PF: Children of Paradise (1945) by Marcel Carné, because I met its director a few months before his death, because this film is undoubtedly a (if not “the”) French film at its finest, because I was a projectionist and screened this particular title much more than any other film in one theater (the Ranelagh theater in Paris) which had a retro-projection system (and two titles only every weekend for years – the other title being “Grock” 1931 by Carl Boese). So I often went, during the longest reels, just behind the screen (invisible to the audience on the other side of the screen), on stage, and watched the huge image at its foot, admiring the masterpiece. Because it’s the film I would dream to have made.

DFNY: If you could have one prop from any film what would it be?
PF: I’m not really a fetishist so I would not wish to detach an object from any film (except from mine : I keep a few objects from my own shootings) because it would lose its magic power.

DFNY: Is there any subject matter which you would not make/watch a film about?
PF: Arachnophobia (1990) by Frank Marshall was chilly enough to watch once, so please do not ask me to make a film about spiders…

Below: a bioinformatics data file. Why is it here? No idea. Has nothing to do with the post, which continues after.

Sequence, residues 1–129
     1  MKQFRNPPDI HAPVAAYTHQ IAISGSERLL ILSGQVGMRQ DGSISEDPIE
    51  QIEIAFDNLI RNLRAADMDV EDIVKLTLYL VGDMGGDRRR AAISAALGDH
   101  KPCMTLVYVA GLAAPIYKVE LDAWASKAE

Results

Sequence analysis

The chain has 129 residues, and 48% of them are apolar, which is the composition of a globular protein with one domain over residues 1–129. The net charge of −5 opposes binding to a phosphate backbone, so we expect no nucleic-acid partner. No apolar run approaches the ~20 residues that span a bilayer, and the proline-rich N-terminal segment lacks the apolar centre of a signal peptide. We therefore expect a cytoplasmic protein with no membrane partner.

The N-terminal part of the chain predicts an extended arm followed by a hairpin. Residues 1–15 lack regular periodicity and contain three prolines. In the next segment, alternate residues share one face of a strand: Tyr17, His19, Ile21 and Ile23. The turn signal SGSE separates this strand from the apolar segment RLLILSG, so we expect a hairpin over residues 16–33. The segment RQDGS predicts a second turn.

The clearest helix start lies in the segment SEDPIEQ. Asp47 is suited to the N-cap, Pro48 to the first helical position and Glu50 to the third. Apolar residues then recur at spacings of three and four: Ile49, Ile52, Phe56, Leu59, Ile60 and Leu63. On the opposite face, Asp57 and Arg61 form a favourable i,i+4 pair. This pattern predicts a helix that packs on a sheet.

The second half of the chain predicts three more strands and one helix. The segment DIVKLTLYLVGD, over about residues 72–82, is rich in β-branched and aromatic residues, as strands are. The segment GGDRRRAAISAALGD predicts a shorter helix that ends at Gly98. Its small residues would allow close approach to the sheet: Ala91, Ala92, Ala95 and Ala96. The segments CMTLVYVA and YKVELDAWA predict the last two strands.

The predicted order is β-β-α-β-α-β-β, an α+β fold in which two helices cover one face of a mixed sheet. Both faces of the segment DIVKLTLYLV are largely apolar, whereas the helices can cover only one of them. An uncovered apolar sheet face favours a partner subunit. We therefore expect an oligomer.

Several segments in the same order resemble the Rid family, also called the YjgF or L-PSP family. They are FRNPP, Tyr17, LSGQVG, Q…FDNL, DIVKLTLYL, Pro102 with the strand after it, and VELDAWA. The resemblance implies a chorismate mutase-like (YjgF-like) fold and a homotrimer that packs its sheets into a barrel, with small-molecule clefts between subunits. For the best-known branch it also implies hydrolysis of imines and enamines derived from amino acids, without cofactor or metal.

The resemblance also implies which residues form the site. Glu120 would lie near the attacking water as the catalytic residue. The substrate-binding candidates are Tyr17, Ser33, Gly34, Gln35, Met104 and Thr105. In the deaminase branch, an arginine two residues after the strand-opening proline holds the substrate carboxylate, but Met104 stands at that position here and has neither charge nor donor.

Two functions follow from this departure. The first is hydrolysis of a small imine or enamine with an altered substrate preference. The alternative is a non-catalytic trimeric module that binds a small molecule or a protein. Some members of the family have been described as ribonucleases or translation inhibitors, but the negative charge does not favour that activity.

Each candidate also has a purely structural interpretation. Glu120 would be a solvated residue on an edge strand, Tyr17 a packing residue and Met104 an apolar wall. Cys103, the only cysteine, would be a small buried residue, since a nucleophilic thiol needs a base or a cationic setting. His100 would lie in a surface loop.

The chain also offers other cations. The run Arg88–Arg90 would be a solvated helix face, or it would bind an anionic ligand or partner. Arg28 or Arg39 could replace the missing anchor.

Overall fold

Pierre’s 2016 documentary on cinematographer Vilmos Zsigmond, Close Encounters with Vilmos Zsigmond can be seen on Amazon Prime:

More information on Pierre and his films can be found at his IMDB page, as well as his website:

Daily Japan Focus On: Jazz Pianist Senri Oe (大江 千里)

The latest Daily Japan Focus is on Japanese musician Senri Oe (大江 千里 – Oe Senri). Born in Japan, Senri is a pianist, composer, producer, actor, singer, and songwriter who had a very successful pop-music career in Japan in the 80’s and 90’s (winning the equivalent of their Best Album Grammy several times), but after the death of a close friend and band member, Oe-san decided to make a complete change and go to New York to pursue a career in jazz music. Our exclusive interview (translated from Oe-san’s original Japanese answers, posted below as well) give an insight into his thoughts and experiences in New York from his first days here until now.


Daily Japan: What did you think of NYC as a “musical city” before you came here, and has being here changed your mind?